Experimental assessment of microbial effects on chemical interactions between seafloor massive sulfides and seawater at 4ºc

Shingo Kato, Katsuhiko Suzuki, Takazo Shibuya, Jun Ichiro Ishibashi, Moriya Ohkuma, Akihiko Yamagishi

Research output: Chapter in Book/Report/Conference proceedingChapter

Abstract

To assess the effects of microbes on the exchange of Cu, Zn, and P between seafloor massive sulfide (SMS) deposits and seawater, we monitored the variation of the concentrations of Cu, Zn, and P in the artificial seawater of reaction systems that did or did not also include slabs and microbes originating from an SMS sample at 4ºC for 71 days. Dissolution of Cu and Zn from the slabs was observed when microbes were present or absent. Zinc from the slabs dissolved 1.4–2.3 fold more rapidly when microbes were present. In the presence of slabs and microbes, the rate of removal of P from the artificial seawater was the sum of the individual removal rates associated with the slabs and microbes. Six bacterial phylotypes including Halomonas and Marinobacter were present at the end of the experiment as shown by PCR-based analysis targeting 16S rRNA genes. These bacteria probably contribute to the release of Zn from the SMS slab and removal of P from the artificial seawater. Our results provide further insights into the role(s) of microbes on the geochemical interactions between SMS deposits and seawater.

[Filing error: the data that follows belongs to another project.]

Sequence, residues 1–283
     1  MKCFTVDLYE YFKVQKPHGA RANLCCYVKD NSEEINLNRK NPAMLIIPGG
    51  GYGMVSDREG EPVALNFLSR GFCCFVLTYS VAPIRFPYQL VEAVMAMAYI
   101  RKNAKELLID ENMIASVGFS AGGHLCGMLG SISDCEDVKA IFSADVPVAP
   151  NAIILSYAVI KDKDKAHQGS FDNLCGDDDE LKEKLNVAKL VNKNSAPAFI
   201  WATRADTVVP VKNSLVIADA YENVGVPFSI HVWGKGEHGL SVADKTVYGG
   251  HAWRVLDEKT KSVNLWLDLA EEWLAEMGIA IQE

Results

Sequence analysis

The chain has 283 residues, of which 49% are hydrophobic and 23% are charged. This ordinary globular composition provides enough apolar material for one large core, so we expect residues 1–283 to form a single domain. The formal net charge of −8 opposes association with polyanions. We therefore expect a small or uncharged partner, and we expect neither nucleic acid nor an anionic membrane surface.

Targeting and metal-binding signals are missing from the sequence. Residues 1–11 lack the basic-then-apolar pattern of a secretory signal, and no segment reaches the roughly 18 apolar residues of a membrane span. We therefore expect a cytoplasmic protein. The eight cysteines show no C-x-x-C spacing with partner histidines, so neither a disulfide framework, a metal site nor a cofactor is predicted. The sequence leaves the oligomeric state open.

Original languageEnglish
Title of host publicationSubseafloor Biosphere Linked to Hydrothermal Systems
Subtitle of host publicationTAIGA Concept
PublisherSpringer Japan
Pages95-103
Number of pages9
ISBN (Electronic)9784431548652
ISBN (Print)9784431548645
DOIs
Publication statusPublished - Jan 1 2015

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All Science Journal Classification (ASJC) codes

  • Earth and Planetary Sciences(all)

Cite this

Kato, S., Suzuki, K., Shibuya, T., Ishibashi, J. I., Ohkuma, M., & Yamagishi, A. (2015). Experimental assessment of microbial effects on chemical interactions between seafloor massive sulfides and seawater at 4ºc. In Subseafloor Biosphere Linked to Hydrothermal Systems: TAIGA Concept (pp. 95-103). Springer Japan. https://doi.org/10.1007/978-4-431-54865-2_9